The decision by leaders
of the Washington National Cathedral to perform same-sex weddings is getting a mixed reception, with supporters calling it consistent with the church’s path for more than a decade and critics warning of further division on an issue that has roiled religious denominations across the country.
Officials at the cathedral, the most visible Episcopal church in the U.S., threw the weight of their national status, their century-old church, and thousand-member congregation behind the issue, announcing Wednesday that they would celebrate same-sex weddings effective immediately.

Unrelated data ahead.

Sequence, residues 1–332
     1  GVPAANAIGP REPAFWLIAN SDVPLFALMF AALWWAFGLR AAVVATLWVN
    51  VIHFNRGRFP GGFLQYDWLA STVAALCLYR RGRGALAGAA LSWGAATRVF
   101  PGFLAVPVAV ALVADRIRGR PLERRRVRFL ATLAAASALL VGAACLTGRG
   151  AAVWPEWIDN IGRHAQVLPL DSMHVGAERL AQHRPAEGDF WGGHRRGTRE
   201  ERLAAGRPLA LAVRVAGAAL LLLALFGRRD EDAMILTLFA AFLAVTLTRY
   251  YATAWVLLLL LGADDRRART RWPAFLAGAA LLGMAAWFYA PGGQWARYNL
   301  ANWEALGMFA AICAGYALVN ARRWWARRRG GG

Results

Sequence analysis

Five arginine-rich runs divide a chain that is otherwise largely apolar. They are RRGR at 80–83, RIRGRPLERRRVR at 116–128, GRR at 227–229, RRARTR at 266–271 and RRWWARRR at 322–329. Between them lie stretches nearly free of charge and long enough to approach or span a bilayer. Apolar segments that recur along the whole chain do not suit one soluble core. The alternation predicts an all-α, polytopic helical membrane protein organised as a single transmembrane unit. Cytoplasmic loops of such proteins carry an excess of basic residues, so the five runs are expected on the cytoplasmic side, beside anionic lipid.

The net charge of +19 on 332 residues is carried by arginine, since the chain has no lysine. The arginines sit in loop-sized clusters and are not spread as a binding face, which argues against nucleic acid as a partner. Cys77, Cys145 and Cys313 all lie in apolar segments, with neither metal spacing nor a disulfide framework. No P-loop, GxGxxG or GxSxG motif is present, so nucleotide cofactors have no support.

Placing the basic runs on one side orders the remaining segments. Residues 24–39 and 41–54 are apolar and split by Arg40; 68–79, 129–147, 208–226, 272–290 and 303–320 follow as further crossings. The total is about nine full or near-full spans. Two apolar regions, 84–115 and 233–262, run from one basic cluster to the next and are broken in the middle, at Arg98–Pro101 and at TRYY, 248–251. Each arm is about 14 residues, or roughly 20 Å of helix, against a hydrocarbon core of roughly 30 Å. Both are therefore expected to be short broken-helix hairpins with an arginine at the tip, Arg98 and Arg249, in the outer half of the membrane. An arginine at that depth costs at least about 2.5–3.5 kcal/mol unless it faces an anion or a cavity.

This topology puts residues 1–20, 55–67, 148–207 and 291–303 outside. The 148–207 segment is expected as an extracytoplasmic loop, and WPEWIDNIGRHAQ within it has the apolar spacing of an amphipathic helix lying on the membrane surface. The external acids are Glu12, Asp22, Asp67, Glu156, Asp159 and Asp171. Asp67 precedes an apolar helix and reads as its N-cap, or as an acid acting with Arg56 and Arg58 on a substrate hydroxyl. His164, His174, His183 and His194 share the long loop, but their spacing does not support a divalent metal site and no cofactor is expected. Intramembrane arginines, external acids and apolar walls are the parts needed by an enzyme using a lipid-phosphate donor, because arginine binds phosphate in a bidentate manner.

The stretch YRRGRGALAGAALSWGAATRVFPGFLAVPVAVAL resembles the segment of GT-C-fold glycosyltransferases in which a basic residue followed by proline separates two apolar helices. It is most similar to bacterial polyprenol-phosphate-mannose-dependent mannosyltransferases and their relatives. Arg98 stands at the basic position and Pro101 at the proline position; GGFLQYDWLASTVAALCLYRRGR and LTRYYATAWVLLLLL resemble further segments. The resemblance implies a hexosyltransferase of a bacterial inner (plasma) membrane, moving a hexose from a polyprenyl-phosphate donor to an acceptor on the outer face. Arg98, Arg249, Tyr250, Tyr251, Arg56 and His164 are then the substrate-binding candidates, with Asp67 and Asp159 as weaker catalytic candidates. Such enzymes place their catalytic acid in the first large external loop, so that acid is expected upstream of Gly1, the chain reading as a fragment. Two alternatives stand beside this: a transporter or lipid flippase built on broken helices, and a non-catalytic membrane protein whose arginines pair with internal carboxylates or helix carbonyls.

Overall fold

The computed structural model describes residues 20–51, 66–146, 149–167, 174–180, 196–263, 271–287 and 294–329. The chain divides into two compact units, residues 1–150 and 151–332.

Leaders said the decision stemmed from a desire to move forward the “national conversation”on same-sex marriage after 30 years of study by the church, as well as the decisions of voters in three states, including Maryland, who approved referendums on same-sex marriage in November.
David Bains, a religion professor at Samford University in Alabama who has researched and written extensively about the cathedral, said the church’s leaders have worked for years to balance serving their congregation in the nation’s capital, where gay marriage has been legal since 2009, and being a beacon for Episcopalians across the country.